After her highly successful debut album Sensibility (2011), Lower Austrian musician Stephie Hacker returns with Cascade Effect – an even more impressive jazz album, featuring a wealth of melodic material and strongly poetic lyrics. The domino effect is unstoppable. The singer, pianist and composer Hacker traveled to New York in 2012, quickly made musical contacts, went on the search for new experiences and inspiration (interdisciplinary, as it were), wrote a few songs and recorded them with Pete McCann (guitar), Dan Fabricatore (bass) and Mark Ferber (drums). Apparently it's just that simple. In the end, Stephie Hacker packed eleven songs onto the CD – and not one of them sounds weak or like filler material, even after repeated listening. Cascade Effect will appeal to all those with a taste for arrangements without pointless embellishments and to anyone who prefers their jazz without the prefix “smooth”. The songs are built around distinctive melodies and poetic lyrics: after her impressive debut, Hacker has managed to deliver an even stronger second work. Pain and Tears The intensity of some of these songs is almost painful; the album's climax, the song “So In Need”, is a perfect example. Hacker's development of the song is itself sensational: to begin, she speaks a lyrical couplet which blossoms into a sung melody, to be developed layer by layer until the listener feels hopelessly caught in a world of pain and tears. Without a doubt, five and a half of the best musical minutes of 2013. Well done. A few of the other songs on Cascade Effect don't quite meet this impressive standard, but in general they are thoroughly successful. The opening number, “Naked Girl”, with its pearling piano line, paired with Stephie Hacker's well-tempered voice is a fine outing. The lyrics of the second, title track could be taken either very personally or as socio-political commentary: either way, they are well set with her superb piano playing and a band working entirely in the service of the song. Jan Saudek and Pablo Picasso Czech photographer Jan Saudek served as the inspiration for the song “Blue”, while “Minotaurus” recalls a visit to the Guggenheim Museum dominated by an encounter with the Pablo Picasso work of the same name. This experience has borne fruit in the shape of a sparkling, joyful number featuring an excellent chorus and a heroic guitar solo from Pete McCann – a veteran of over 60 recordings and sometime collaborator with such luminaries as Patti Austin, Lee Konitz, Dave Liebman, Kenny Garrett, Peter Erskine, the Maria Schneider Orchestra and Curtis Stigers. McCann also plays a central role in Hacker's song “Today Is A Day” – the second great song on the album, in all senses. The melody here is particularly rich and inviting, while the band once more proves itself capable of unbelievable refinement. Instead of poetry, Hacker here relates an episode from the life of a protagonist steeped in self- doubt. In a sense, the following song – the most pop/rock-oriented track on the album – carries this story forward. “Stranded Unicorn” constitutes a bridge between “Today Is A Day” and “So In Need” – where “Today Is A Day” focuses on self-doubt, “Stranded Unicorn” finds the singer in the title role, on an inner journey culminating in the profound question framed in “So In Need”: “Why was I too blind to see there's something wrong with you?” These three numbers form a sort of trilogy possessed of its own inner logic, evidence of the careful programming that marks both this album and Hacker's debut. Night and Charlie Chaplin ”Finally Home” poses another weighty question: “Where do I come from; where am I going?” The theme here is emigration; the song is a handsome collection of world music influences. The following song, “Self Love Poem”, is surely the most interesting on the album: it's based on a text written by Charlie Chaplin on April 16th, 1959, the 70th birthday of the brilliant filmmaker, actor and composer (for instance of the song “Smile”). “Even stars collide, and out of their crashing new worlds are born. Today I know that this is 'LIFE'!” writes Chaplin in the final line; Stephie Hacker and her wonderful band provide a worthy musical setting for this great poem. Mark Ferber's drumming is a highlight here; Ferber has anchored the bands of Don Byron, Fred Hersch and Norah Jones, among others. Hacker's singing on “Self Love Poem” is equally strong: she stretches for the lofty heights required by the internal logic of the text while retaining an essential lightness and playfulness; the result is a breathtaking marriage of music and text. Again, she is to be congratulated. With regard to logic: the last two songs are about night. “Nights Are Made For Lovers” is imbued with longing, the song is performed by a lost and lonely pianist dreaming of her beloved. The final song, “Dance”, is a marked contrast – a funky, nocturnal finale. With the exception of “So In Need”, “Dance” appeals to me the most. Perhaps it's because the band is allowed – once more, and collectively – to strut; perhaps because the wealth of influences renders it impossible to say where the music is truly rooted. Or perhaps simply because it's good music. Damned good music. A great album. Manfred Horak / trans. by Philip Yaeger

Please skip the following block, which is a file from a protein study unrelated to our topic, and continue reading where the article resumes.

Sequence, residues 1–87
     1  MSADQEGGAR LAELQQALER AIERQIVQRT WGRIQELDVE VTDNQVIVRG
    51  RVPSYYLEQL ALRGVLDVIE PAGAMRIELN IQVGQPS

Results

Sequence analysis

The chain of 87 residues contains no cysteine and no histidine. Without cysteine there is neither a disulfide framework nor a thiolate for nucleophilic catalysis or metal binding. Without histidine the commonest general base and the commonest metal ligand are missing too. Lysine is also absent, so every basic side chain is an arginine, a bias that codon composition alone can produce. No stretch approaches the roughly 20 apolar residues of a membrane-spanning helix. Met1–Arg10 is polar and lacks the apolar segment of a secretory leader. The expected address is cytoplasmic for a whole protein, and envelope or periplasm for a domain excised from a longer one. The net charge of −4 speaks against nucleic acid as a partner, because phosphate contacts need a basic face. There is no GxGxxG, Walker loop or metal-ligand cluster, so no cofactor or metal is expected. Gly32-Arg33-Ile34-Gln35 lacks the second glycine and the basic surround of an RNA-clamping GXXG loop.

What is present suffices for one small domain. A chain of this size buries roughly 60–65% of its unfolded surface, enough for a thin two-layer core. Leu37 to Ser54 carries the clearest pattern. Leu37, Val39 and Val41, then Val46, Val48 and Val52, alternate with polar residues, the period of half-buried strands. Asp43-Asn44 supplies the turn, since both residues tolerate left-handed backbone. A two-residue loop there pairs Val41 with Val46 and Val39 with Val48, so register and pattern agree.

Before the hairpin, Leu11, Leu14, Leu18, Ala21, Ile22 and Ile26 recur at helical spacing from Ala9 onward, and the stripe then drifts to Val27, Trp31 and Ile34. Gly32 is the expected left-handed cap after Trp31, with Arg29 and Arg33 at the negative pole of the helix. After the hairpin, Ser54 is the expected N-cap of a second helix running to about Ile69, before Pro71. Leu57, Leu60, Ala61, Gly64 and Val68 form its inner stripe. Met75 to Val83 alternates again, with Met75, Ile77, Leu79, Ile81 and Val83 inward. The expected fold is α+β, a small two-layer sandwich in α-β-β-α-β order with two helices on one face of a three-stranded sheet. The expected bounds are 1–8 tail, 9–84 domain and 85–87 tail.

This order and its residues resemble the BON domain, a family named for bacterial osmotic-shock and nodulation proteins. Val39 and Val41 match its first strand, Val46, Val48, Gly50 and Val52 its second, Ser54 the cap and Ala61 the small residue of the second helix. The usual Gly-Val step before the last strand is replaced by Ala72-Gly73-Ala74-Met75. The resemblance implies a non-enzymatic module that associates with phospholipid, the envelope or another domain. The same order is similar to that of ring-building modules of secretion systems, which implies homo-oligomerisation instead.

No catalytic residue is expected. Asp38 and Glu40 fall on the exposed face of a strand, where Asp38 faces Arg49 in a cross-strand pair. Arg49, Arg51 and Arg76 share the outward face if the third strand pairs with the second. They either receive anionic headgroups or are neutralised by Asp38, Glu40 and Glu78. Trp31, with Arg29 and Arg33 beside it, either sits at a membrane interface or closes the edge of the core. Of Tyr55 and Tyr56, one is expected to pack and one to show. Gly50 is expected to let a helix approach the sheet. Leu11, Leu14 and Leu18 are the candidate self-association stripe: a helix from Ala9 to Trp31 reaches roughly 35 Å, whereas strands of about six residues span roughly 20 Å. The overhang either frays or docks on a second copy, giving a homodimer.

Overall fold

This information is provided by discogs.com or the profile administrator.

Primary Instrument:
Vocalist

Location:
Vienna

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Featured recording “Cascade Effect”

Cascade Effect

Dominante Records (2013)